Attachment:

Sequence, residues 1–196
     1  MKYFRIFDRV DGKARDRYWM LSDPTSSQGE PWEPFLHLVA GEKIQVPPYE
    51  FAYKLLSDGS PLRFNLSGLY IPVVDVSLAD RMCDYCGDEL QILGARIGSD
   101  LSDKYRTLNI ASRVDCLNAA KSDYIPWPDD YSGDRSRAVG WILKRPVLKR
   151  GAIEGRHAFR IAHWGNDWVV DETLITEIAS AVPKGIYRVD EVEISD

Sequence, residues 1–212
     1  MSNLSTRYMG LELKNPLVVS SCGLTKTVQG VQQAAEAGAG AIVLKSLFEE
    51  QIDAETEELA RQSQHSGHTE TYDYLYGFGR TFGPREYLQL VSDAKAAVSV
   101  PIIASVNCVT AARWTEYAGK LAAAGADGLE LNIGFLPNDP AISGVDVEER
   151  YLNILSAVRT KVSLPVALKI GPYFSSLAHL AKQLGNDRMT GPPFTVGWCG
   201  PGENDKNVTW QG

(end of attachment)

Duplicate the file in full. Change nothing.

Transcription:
Sequence, residues 1–196
     1  MKYFRIFDRV DGKARDRYWM LSDPTSSQGE PWEPFLHLVA GEKIQVPPYE
    51  FAYKLLSDGS PLRFNLSGLY IPVVDVSLAD RMCDYCGDEL QILGARIGSD
   101  LSDKYRTLNI ASRVDCLNAA KSDYIPWPDD YSGDRSRAVG WILKRPVLKR
   151  GAIEGRHAFR IAHWGNDWVV DETLITEIAS AVPKGIYRVD EVEISD

Sequence, residues 1–212
     1  MSNLSTRYMG LELKNPLVVS SCGLTKTVQG VQQAAEAGAG AIVLKSLFEE
    51  QIDAETEELA RQSQHSGHTE TYDYLYGFGR TFGPREYLQL VSDAKAAVSV
   101  PIIASVNCVT AARWTEYAGK LAAAGADGLE LNIGFLPNDP AISGVDVEER
   151  YLNILSAVRT KVSLPVALKI GPYFSSLAHL AKQLGNDRMT GPPFTVGWCG
   201  PGENDKNVTW QG